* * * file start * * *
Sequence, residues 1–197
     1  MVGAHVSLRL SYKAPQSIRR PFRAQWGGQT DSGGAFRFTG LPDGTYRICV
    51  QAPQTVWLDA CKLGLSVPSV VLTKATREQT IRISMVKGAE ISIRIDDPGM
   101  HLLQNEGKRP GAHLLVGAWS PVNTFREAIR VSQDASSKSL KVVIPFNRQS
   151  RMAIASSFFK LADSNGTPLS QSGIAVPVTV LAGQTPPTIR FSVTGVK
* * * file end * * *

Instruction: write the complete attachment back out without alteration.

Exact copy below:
Sequence, residues 1–197
     1  MVGAHVSLRL SYKAPQSIRR PFRAQWGGQT DSGGAFRFTG LPDGTYRICV
    51  QAPQTVWLDA CKLGLSVPSV VLTKATREQT IRISMVKGAE ISIRIDDPGM
   101  HLLQNEGKRP GAHLLVGAWS PVNTFREAIR VSQDASSKSL KVVIPFNRQS
   151  RMAIASSFFK LADSNGTPLS QSGIAVPVTV LAGQTPPTIR FSVTGVK